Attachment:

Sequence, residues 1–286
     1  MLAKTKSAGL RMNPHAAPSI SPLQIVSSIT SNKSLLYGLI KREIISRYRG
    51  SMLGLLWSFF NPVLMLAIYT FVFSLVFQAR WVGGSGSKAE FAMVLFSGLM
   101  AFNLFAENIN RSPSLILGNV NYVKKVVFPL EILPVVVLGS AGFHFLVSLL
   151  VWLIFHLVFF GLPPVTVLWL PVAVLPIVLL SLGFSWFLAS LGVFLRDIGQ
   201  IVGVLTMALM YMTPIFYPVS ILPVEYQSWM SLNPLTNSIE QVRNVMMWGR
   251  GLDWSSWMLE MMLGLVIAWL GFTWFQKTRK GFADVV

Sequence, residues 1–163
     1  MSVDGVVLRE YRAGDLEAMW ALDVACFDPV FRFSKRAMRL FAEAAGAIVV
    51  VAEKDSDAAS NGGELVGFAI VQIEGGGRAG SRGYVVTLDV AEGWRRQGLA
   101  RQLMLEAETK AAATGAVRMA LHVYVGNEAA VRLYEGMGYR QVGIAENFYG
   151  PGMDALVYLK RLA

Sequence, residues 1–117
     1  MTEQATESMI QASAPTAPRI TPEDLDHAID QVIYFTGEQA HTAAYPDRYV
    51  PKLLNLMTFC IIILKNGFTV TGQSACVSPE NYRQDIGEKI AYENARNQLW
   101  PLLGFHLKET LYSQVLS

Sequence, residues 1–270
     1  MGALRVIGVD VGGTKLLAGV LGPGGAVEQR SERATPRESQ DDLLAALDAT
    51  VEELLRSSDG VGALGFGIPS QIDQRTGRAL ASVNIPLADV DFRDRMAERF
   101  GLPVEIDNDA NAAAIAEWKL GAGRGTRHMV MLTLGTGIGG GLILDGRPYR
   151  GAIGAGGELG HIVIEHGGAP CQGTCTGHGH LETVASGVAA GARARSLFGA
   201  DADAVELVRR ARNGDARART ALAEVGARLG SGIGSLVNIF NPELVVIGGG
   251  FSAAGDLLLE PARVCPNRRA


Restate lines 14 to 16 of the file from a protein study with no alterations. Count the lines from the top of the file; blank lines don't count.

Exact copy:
     1  MTEQATESMI QASAPTAPRI TPEDLDHAID QVIYFTGEQA HTAAYPDRYV
    51  PKLLNLMTFC IIILKNGFTV TGQSACVSPE NYRQDIGEKI AYENARNQLW
   101  PLLGFHLKET LYSQVLS